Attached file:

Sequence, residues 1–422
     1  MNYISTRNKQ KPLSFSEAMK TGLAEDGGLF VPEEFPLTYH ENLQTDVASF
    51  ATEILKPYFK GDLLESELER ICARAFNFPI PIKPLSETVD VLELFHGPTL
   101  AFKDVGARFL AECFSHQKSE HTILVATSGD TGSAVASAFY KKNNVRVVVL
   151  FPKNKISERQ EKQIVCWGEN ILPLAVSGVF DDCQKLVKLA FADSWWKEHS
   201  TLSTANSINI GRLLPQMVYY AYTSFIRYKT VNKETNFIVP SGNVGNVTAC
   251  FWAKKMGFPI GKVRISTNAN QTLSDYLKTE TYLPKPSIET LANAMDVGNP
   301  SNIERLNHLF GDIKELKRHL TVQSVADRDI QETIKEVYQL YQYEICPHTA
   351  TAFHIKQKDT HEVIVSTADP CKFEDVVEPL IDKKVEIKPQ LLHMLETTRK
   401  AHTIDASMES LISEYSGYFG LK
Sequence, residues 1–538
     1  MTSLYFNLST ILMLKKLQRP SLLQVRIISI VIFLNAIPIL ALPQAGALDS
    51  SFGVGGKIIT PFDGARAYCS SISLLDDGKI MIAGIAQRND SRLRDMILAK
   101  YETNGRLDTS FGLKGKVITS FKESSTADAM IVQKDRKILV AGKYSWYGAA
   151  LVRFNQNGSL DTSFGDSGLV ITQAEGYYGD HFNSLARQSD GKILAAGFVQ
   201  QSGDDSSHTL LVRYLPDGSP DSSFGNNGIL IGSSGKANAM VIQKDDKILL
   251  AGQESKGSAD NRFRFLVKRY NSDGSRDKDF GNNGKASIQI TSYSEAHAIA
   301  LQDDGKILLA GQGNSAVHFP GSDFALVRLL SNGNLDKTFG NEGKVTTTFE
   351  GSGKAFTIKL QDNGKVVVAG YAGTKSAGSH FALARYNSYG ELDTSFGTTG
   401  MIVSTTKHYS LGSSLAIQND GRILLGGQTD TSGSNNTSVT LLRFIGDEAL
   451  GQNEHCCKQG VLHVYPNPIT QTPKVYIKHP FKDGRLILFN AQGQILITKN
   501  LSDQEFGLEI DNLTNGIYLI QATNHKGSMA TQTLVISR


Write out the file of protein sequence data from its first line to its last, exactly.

Sequence, residues 1–422
     1  MNYISTRNKQ KPLSFSEAMK TGLAEDGGLF VPEEFPLTYH ENLQTDVASF
    51  ATEILKPYFK GDLLESELER ICARAFNFPI PIKPLSETVD VLELFHGPTL
   101  AFKDVGARFL AECFSHQKSE HTILVATSGD TGSAVASAFY KKNNVRVVVL
   151  FPKNKISERQ EKQIVCWGEN ILPLAVSGVF DDCQKLVKLA FADSWWKEHS
   201  TLSTANSINI GRLLPQMVYY AYTSFIRYKT VNKETNFIVP SGNVGNVTAC
   251  FWAKKMGFPI GKVRISTNAN QTLSDYLKTE TYLPKPSIET LANAMDVGNP
   301  SNIERLNHLF GDIKELKRHL TVQSVADRDI QETIKEVYQL YQYEICPHTA
   351  TAFHIKQKDT HEVIVSTADP CKFEDVVEPL IDKKVEIKPQ LLHMLETTRK
   401  AHTIDASMES LISEYSGYFG LK
Sequence, residues 1–538
     1  MTSLYFNLST ILMLKKLQRP SLLQVRIISI VIFLNAIPIL ALPQAGALDS
    51  SFGVGGKIIT PFDGARAYCS SISLLDDGKI MIAGIAQRND SRLRDMILAK
   101  YETNGRLDTS FGLKGKVITS FKESSTADAM IVQKDRKILV AGKYSWYGAA
   151  LVRFNQNGSL DTSFGDSGLV ITQAEGYYGD HFNSLARQSD GKILAAGFVQ
   201  QSGDDSSHTL LVRYLPDGSP DSSFGNNGIL IGSSGKANAM VIQKDDKILL
   251  AGQESKGSAD NRFRFLVKRY NSDGSRDKDF GNNGKASIQI TSYSEAHAIA
   301  LQDDGKILLA GQGNSAVHFP GSDFALVRLL SNGNLDKTFG NEGKVTTTFE
   351  GSGKAFTIKL QDNGKVVVAG YAGTKSAGSH FALARYNSYG ELDTSFGTTG
   401  MIVSTTKHYS LGSSLAIQND GRILLGGQTD TSGSNNTSVT LLRFIGDEAL
   451  GQNEHCCKQG VLHVYPNPIT QTPKVYIKHP FKDGRLILFN AQGQILITKN
   501  LSDQEFGLEI DNLTNGIYLI QATNHKGSMA TQTLVISR